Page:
My child tried drugs, what should I do?

If you’ve just discovered or have reason to believe your child is using nicotine, alcohol or drugs, the first thing to do is sit down and take a deep breath. We know this is scary, but you’re in the right place. Take a beat and prepare for the important conversation ahead. Some brief preparation now can lay a foundation for more positive outcomes ahead.

Get on the same page

We’re all familiar with children’s trick of turning to one parent when the other says no. It’s best if you, and anyone who shares parenting responsibilities with you, can get on the same page about substance use before raising the subject with your child.

Prepare to be called a hypocrite

Your child may ask, “Have you ever tried drugs”? There are ways to answer honestly that keep the emphasis less on you, and more on what you want for your child. For instance, you could explain that you smoked, drank or tried drugs in order to fit in, only to discover that’s never a good reason to do something. Focus on the fact that substances affect everyone differently. Just because your life wasn’t harmed by substance use, you’ve seen it happen to too many others.

Don’t let your response become a justification for substance use. Focus on the issue at hand. You want to keep your child healthy and safe, and this means avoiding substance use.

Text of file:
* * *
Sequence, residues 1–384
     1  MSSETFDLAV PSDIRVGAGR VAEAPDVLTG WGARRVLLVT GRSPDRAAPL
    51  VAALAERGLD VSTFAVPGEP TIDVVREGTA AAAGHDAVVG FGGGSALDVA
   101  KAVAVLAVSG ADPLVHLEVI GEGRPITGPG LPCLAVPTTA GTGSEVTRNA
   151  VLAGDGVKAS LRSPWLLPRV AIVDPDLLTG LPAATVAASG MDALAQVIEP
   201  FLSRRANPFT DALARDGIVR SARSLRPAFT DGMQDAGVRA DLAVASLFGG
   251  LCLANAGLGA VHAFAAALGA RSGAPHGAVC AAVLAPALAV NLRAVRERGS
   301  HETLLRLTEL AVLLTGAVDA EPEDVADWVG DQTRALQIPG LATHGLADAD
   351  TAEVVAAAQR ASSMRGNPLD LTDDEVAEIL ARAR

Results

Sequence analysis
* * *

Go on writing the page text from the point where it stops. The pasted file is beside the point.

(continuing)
Gather any evidence

It’s understandable to have some reservations about snooping in your child’s room or through their belongings. Remember that your primary responsibility is to protect their well-being. As you gather evidence, try to anticipate different ways they might deny responsibility, like the excuse “I’m holding it for someone else.” Even if you don’t have an airtight case, you’ll be better prepared for the important conversation ahead.

Common hiding places include:

Expect anger, resolve to remain calm

If you think the conversation will be uncomfortable for you, imagine how your child will feel. Be prepared for them to say things to shock you, deny even the most convincing evidence, accuse you of distrust or worse.

Prepare for how you’ll handle an angry or resentful reaction from your child. Read further on How to Have a Conversation, Not a Confrontation.

Set a realistic goal

Things will go more smoothly if you have a desired outcome for the initial conversation with your child. It’s okay – and probably for the best – to keep expectations low. It may be unrealistic to expect them to admit to use and pledge to stop. A more reasonable objective, like expressing that you don’t want them to use, can be a win.

Establish clear rules and consequences

Before initiating the conversation, think through the rules you would like to put in place, and what the consequences of breaking them will be. This can help clarify the goal of your conversation, and help you set a clear next step. Read further on Setting Limits and Monitoring Behavior.

Recognize any addiction in the family

It’s important for your child to understand that a family history of addiction puts them at higher risk of substance use disorder or addiction. You can explain that their genes make them more vulnerable, creating even more reason to avoid substances.